Now I get it. I don’t think I would support a known rapist or a murderer either. But that isn’t the situation here. These are allegations. Even if he wasn’t acquitted, these are allegations. Accusations. Statements that are not necessarily proven facts. So, like my movie choices, I refuse to blindly withhold my support based off of unproven claims.
Moreover, I am not choosing to support Nate Parker, as much as I am choosing to support me. The likeness of me, the essence of me, the HISTORY of ME. I want more DVD cases to place in my collection of “Blackbusters to raise my black babies” off of. I love positive and true images of my people being made available to the masses. Especially when so many negative images of black folk “tend to trend.”
This collection includes seasons upon seasons of The Cosby Show. Yes, Bill Cosby is in a lot of ish right now. But does his shortcomings as a man lessen the effect that that show had on the black community; on the non-black community?
Is Malcolm Jamal-Warner’s character depreciated? Or the character’s battle with dyslexia, for that matter? A common learning disorder that so many Americans face today.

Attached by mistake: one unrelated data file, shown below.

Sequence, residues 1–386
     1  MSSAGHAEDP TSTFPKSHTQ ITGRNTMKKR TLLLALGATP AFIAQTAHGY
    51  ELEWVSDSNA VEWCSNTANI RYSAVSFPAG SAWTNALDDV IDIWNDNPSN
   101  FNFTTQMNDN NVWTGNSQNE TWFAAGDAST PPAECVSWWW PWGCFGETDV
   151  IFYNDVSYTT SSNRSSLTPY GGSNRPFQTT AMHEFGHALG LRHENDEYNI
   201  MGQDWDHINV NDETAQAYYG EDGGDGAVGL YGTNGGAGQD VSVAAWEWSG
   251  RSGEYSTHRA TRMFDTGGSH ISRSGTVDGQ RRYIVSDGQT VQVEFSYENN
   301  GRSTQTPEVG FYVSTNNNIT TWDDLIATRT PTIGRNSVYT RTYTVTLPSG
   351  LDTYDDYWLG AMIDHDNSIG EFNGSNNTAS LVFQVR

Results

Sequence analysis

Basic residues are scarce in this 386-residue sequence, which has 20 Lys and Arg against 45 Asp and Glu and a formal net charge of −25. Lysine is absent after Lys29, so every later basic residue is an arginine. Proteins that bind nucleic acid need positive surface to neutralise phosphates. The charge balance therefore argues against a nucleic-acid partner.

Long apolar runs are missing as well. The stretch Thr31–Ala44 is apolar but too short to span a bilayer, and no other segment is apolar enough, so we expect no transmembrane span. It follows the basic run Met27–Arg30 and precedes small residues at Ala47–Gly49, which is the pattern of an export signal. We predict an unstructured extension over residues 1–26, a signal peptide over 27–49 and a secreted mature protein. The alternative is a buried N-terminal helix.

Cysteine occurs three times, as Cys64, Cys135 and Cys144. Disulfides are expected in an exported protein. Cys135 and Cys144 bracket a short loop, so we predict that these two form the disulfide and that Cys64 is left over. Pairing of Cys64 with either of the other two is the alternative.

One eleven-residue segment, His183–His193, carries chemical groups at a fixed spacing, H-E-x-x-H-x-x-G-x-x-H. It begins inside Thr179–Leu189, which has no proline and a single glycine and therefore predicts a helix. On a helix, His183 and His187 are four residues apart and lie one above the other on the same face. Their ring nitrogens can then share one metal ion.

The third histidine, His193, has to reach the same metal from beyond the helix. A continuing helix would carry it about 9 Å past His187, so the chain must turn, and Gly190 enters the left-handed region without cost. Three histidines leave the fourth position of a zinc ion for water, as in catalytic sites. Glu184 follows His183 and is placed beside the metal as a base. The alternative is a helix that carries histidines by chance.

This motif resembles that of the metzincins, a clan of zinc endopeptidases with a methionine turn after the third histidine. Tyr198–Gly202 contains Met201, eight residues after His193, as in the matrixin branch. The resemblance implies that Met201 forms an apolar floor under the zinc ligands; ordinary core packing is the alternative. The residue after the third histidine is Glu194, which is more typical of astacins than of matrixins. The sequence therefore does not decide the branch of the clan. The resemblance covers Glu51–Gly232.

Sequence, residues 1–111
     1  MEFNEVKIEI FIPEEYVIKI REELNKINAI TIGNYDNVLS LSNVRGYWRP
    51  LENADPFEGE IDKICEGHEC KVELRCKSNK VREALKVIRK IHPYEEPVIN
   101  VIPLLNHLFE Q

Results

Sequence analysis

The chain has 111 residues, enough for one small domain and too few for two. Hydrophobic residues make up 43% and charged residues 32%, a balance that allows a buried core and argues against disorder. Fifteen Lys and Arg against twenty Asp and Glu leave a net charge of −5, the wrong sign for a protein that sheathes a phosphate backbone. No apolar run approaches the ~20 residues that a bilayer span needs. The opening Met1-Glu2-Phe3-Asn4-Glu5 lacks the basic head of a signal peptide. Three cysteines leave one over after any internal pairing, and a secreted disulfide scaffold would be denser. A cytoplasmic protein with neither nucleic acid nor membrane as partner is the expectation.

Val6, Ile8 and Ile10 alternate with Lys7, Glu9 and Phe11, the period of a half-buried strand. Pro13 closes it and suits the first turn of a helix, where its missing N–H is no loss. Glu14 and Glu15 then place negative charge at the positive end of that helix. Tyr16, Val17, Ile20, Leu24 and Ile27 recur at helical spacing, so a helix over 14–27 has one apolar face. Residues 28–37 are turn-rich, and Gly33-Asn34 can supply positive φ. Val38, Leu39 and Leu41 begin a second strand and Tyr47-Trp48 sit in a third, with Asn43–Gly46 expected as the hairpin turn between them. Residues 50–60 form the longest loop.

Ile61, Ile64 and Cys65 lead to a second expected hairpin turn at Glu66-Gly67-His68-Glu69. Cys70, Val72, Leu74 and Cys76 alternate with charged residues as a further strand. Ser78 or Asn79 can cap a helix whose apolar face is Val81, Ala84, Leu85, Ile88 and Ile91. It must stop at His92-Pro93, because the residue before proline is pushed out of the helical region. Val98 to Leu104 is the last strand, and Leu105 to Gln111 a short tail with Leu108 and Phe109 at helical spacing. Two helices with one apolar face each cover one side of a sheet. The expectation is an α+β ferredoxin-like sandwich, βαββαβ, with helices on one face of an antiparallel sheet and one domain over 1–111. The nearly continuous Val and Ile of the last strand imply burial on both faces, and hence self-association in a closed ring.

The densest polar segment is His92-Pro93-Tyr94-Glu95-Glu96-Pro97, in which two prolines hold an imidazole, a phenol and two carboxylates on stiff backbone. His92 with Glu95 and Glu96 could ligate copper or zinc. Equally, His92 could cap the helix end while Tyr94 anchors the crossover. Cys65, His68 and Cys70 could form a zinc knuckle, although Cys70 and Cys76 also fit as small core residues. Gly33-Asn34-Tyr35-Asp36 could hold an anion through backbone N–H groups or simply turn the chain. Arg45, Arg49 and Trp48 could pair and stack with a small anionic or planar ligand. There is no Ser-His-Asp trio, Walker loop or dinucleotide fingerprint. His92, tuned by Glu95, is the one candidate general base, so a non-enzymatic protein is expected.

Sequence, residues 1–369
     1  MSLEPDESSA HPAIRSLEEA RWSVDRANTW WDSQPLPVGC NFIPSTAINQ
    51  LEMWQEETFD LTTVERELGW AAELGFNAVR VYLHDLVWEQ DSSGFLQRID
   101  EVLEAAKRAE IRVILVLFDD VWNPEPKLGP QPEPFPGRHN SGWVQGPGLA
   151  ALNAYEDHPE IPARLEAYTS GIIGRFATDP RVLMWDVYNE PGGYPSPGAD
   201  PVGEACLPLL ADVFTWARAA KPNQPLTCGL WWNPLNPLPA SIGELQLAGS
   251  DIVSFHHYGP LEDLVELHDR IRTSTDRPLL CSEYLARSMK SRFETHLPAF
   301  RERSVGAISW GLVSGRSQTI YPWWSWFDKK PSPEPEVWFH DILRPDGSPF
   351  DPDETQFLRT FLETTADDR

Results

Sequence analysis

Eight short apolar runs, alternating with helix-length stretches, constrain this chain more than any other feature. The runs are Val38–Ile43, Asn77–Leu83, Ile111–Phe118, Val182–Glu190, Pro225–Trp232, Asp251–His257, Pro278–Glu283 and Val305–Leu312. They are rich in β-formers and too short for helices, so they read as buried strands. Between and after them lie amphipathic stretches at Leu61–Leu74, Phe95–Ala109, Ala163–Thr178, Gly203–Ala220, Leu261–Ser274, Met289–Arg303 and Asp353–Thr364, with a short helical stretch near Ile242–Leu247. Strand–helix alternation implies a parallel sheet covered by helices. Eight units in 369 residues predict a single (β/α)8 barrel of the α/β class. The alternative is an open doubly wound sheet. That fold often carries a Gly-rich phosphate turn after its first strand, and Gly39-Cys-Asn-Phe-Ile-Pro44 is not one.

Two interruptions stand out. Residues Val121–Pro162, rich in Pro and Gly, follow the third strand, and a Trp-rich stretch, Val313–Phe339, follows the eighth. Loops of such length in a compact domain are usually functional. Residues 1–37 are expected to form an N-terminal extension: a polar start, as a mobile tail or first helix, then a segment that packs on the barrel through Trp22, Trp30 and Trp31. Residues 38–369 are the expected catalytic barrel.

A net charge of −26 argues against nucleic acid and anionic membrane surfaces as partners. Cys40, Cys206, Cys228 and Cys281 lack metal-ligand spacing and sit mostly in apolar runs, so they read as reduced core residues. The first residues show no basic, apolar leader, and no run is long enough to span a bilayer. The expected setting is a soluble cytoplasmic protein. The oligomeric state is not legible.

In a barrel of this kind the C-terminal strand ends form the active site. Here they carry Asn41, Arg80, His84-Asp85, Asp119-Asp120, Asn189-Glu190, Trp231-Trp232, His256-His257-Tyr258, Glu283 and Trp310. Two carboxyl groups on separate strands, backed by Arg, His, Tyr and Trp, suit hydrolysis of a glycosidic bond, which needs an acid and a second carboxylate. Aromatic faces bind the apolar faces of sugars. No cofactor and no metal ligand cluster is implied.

Is Keshia Knight Pulliam’s relationship with love-struck “BUD” now weakened?
And is THE Phylicia Rashad – known as the mother of the black success story, family, and household – is the performance of THAT Phylicia now overshadowed by her co-host’s troubles?
The answer is no. That show was everything a black family could be, should be, would be and more. I will not starve out future generations from experiencing that televised black excellence because it’s creator could not model his actual life with that of his pretend one. He still created something worth holding onto.
Now, admittedly I don’t know how good The Birth of a Nation is, as I haven’t seen the film yet. But I know I will be supporting this film for ME, above all. And I will NOT shun those who had a part in making it. Whether it be Gabrielle Union, or the remaining cast and crew, as they have probably created something worth holding onto as well. Just in case it turns out to be all I wish it to be, I have a space in my collection waiting to be filled.
3. The Birth of a Nation – 1915 version